• Northland Artwork Commission
  • Wiradjuri Artist, Karen Lee Mungarrja


Acknowledgement of Country

As an owner and manager of community hubs right across Australia, Vicinity acknowledges the Traditional Custodians of the lands on which we operate and we pay our respect to Elders past and present.

Northland invites you to explore the collaboration between community and art in Melbourne's north.

Vicinity continues our commitment to create places where Aboriginal and Torres Strait IslanderPeople, Cultures, traditions and businesses are deeply appreciated, genuinely welcomed and actively encouraged.

Through ongoing collaboration with the Traditional Custodians of the land on which Northland stands, the Wurundjeri People, Vicinity aims to celebrate Aboriginal and Torres Strait Islander Culture through a suite of integrated artworks for allocated spaces within Northland.

We're proud to showcase the work of Wiradjuri Artist, Karen Lee Mungarrja.

The integrated artwork will be a permanent fixture in five nodes throughout Northland.

We hope you enjoy the artwork and share in these pieces with your family and friends.

Wiradjuri Artist, Karen Lee Mungarrja
“Share with Us” / “Bundyi “(Wiradjuri) 2023

Gouache on canvas

100 x 190cm

Northland Art Collection

This artwork tells the story of sharing food, gathering and food sustainability.

Wurundjeri peoples caught fish and eel and gathered seeds using hand woven baskets, dilly bags and fishing nets. Society is progressively rethinking the way in which we not only address food waste but also how we think about packaging and the impact it has on our environment.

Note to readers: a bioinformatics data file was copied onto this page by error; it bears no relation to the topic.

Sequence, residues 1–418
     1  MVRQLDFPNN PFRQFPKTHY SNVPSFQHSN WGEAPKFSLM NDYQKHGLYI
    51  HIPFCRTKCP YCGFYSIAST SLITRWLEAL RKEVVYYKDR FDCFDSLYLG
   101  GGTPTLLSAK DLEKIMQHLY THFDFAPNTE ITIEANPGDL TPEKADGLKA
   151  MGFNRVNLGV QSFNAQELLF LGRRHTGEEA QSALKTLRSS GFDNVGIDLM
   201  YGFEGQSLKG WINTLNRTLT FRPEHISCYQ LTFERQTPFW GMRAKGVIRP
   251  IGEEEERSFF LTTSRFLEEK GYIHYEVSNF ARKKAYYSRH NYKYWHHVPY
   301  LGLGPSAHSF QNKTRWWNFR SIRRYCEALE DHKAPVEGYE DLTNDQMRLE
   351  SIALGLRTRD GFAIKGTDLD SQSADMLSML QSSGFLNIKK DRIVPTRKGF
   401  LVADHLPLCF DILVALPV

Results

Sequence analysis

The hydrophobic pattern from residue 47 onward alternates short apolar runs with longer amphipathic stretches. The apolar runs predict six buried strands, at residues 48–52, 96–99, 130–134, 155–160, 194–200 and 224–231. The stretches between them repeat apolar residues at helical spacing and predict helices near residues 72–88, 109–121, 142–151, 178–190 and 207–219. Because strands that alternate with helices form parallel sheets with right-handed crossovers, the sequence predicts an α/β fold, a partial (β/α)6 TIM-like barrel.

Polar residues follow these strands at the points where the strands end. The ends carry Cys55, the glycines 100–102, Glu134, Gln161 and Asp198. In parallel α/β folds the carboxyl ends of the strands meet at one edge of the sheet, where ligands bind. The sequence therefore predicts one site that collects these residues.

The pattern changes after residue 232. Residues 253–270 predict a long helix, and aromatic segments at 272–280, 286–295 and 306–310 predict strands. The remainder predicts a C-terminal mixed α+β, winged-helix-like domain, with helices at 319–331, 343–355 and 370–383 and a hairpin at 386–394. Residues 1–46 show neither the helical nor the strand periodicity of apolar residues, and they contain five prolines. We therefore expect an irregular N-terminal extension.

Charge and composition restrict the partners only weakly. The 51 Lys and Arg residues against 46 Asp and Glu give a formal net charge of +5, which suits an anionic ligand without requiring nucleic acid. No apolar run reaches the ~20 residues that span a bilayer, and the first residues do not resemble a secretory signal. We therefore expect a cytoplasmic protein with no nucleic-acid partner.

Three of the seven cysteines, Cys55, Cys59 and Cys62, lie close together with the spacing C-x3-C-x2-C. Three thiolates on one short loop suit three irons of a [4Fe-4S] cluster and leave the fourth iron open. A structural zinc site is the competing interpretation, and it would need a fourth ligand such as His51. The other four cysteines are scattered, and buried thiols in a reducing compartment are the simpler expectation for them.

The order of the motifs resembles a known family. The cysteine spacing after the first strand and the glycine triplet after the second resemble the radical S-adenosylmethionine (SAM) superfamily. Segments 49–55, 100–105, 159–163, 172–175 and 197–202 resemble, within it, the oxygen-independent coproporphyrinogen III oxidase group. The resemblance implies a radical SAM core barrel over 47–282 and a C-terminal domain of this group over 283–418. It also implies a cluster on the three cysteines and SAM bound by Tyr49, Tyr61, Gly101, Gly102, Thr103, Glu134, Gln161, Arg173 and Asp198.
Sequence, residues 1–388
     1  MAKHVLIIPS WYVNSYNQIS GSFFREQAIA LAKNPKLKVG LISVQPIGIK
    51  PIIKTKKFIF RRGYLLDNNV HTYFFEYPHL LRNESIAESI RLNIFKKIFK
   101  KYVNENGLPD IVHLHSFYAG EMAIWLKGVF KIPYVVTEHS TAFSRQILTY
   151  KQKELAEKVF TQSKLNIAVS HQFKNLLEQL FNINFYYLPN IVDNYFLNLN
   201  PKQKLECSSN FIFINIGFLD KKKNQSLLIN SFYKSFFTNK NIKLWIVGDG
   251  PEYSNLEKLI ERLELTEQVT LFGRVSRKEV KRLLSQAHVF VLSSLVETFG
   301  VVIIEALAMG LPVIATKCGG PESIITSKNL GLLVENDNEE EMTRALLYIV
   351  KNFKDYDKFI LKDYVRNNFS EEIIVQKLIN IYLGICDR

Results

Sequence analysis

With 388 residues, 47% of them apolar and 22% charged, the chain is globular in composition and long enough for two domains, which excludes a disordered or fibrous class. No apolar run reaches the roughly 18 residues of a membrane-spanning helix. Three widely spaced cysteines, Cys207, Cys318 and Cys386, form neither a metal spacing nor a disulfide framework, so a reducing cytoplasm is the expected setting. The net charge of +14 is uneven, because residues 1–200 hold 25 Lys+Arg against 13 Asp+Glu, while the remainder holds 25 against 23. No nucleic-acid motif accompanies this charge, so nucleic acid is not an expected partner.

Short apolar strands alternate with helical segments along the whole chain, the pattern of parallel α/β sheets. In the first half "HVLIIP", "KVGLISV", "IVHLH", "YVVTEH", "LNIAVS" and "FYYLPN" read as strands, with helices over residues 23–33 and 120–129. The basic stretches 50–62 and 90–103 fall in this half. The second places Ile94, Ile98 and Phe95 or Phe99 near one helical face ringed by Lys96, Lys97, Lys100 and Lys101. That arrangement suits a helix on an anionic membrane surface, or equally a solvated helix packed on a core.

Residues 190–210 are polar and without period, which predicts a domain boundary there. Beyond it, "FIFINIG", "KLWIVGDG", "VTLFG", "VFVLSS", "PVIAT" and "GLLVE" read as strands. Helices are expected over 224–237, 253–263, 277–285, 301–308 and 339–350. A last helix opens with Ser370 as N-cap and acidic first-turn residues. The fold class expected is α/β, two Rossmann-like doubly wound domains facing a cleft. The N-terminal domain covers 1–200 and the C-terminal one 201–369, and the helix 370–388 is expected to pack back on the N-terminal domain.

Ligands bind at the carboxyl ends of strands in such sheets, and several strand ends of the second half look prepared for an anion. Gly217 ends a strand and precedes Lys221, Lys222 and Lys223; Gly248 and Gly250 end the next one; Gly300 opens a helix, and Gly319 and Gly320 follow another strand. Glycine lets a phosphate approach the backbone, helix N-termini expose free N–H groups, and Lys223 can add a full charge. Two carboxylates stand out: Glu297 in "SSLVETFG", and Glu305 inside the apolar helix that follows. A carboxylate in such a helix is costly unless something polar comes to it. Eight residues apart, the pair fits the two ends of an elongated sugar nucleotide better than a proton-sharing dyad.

“Stand in one’s own light”/ “Wun-di-rra” (Wiradjuri) 2023

Gouache on canvas

60 x 190cm

Northland Art Collection

In Aboriginal culture, the Boab tree (Adansonia gregorii) is a symbol of individuality and respect. For the artist this tree is particularly important, as it is part of her country, Wiradjuri (Tubba-gah).

This artwork seeks to express a celebration of our individuality as much as the sameness which exits amongst us; all Boab trees belong to the same species, but no two trees are alike, with each having unique features and characteristics.

“Message” / “Dhurany” (Wiradjuri) 2023

Gouache on canvas

65 x 340cm

Northland Art Collection

Message sticks are traditionally a form of communication between Aboriginal tribes or nations, with the motifs (decorative images or designs) painted or carved onto the timber and containing messages.

In this artwork, the artist has painted messages of individuality, hope, and understanding onto the message sticks, all as a means of endearing a sense of respect with each other, and within the community.

“Place of Plenty” / “Dalman” (Wiradjuri) 2023

Gouache on canvas

65 x 290cm

Northland Art Collection

This artwork highlights how Aboriginal culture makes use of natural resources from the land: feathers, nuts, seeds, grasses and hair have been and are continued to be used to create and produce clothing, jewellery and utility items such as baskets and bags.

As a society we are becoming more environmentally conscious about our waste and how we use our natural resources. The artist wants to highlight this and emphasise the abundance of natural resources at our disposal.

“I will see you” / “Ngaagirridhunyal” (Wiradjuri) 2023

Gouache on canvas

65 x 480cm

Northland Art Collection

The theme of this artwork is a celebration of our individuality and joint efforts in working together towards a better world for ourselves and future generations.

The dancing, joyous figures are wearing Aboriginal ceremonial dress and are clapping their music sticks. The rainbow motifs (decorative images or designs contained in an artwork) symbolise hope; whilst the eucalyptus imagery points to a welcoming and protective gesture.